I Wasn't Certain...
...how to put everything down succinctly about this book because there are just way too many issues that need addressing before this can be a book worth reading. Where to start?
First, punctuation: either missing or misused. Examples:
"Dana sat down at the provided desk powered up her laptop..."
" How the Vatican or, even the rest of..."
"He had to enjoy every moment they were together. Because sometimes weeks..."
"But the events described in the documents were ancient, far more ancient." [than what?]
Strange and/or rushed text:
Dana "emails" sensitive documents to her brother for him to keep "the documents safely hidden", so is her brother supposed to print these documents to hide them? They certainly can't be kept safe on his computer.
Also, at the end of chapter one, Dana encounters what I suppose are bad guys; however, the author's writing leaves too much in question. Here's the text as written. My thoughts are in brackets:
"Dana searched through her purse for her phone when a stranger abruptly stepped out of the shadows in front of her. Startled [missing comma] she made to walk around the man, a mixture of anxiety and fear taking hold of her actions [what actions? You'll see she performs NO actions whatsoever]. "Hello Dana," spoke the figure in a deep baritone voice, "so nice to finally meet you." She began to scream [um...why? All he did was say 'hello'] when a gloved hand closed over her mouth. The man looked over her shoulder and acknowledged somebody behind her. [unneeded text since someone putting a hand over her mouth suggests another party]. "Stay still," whispered a voice next to her [this was just dumb. First, the dialogue is ridiculous. Second, what woman would obey that command? No squirming or fighting to get free?] She felt something cold and hard strike the back of her skull. [Just stop! Seriously? So...we're to believe that he tells her to be still, so she complies so that he can remove his hand, step back, and then conk her on the head?] Okay...I'll move on.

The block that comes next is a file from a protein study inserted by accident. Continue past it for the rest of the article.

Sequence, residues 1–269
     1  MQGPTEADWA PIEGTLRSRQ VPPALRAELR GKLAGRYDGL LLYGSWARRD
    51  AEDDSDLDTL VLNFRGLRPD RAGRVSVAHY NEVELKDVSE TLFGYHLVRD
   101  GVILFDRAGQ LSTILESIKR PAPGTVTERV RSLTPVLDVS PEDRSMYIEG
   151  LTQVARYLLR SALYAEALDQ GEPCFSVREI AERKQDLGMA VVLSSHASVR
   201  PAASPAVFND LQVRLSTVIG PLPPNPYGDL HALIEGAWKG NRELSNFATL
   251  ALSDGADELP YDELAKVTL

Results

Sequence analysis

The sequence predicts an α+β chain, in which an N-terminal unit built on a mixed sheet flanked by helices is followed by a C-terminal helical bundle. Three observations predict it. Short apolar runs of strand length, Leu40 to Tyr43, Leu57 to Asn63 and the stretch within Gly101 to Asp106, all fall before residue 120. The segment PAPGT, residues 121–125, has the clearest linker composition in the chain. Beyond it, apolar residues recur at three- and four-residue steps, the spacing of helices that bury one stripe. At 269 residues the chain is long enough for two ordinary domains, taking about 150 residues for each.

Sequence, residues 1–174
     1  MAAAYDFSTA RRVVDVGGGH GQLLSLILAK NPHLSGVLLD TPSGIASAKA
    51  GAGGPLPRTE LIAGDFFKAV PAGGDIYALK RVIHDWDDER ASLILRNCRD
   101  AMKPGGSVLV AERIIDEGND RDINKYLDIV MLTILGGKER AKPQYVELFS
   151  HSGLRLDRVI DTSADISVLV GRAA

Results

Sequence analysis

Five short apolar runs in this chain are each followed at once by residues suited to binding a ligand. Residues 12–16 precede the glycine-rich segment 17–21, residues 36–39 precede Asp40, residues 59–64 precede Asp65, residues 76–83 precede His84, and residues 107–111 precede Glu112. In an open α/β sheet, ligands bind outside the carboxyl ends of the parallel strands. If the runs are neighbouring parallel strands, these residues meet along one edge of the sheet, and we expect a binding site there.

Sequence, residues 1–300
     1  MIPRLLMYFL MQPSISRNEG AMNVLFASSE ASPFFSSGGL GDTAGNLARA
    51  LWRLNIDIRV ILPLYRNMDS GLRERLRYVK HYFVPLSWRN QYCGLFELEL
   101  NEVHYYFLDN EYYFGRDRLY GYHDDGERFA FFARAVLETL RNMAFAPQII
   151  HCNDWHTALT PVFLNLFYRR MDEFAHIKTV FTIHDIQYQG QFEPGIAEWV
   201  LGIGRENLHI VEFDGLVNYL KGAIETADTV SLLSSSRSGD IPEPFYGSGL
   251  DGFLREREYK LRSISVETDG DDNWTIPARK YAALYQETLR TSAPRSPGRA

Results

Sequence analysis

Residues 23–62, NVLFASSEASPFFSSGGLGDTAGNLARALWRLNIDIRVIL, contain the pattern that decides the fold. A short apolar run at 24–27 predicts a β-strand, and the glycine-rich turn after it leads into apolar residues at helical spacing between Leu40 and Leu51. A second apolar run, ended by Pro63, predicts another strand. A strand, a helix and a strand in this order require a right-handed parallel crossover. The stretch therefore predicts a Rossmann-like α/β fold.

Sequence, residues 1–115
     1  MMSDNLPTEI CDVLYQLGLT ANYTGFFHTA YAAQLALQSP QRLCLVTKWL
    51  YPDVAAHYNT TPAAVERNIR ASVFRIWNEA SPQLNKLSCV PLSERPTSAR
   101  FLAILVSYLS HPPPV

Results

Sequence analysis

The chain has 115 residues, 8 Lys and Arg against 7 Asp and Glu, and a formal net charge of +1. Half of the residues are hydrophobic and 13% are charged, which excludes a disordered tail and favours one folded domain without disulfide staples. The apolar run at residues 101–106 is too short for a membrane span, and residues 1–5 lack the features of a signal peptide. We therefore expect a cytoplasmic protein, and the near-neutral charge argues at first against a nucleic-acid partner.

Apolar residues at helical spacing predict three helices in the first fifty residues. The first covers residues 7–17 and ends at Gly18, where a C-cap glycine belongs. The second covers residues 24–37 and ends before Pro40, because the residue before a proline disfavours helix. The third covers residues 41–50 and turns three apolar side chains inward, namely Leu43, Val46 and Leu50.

There were times when the author couldn't quite provide an explanation or comeback for his own character's dialogue so it ended up being absurd, as when the priest expresses his disbelief that the scrolls could be found so easily after being hid away so long. The response doesn't even address the concern, rather just says (paraphrasing) "we were given the task and the knowledge. The church didn't have the resources for an extended search before." [So, how did you find them so easily?].
I could go on, but my notes took up two full pages. Poor mechanics, ridiculous dialogue, incomplete/rushed plot and/or absurd scenarios...all make this book a tedious read.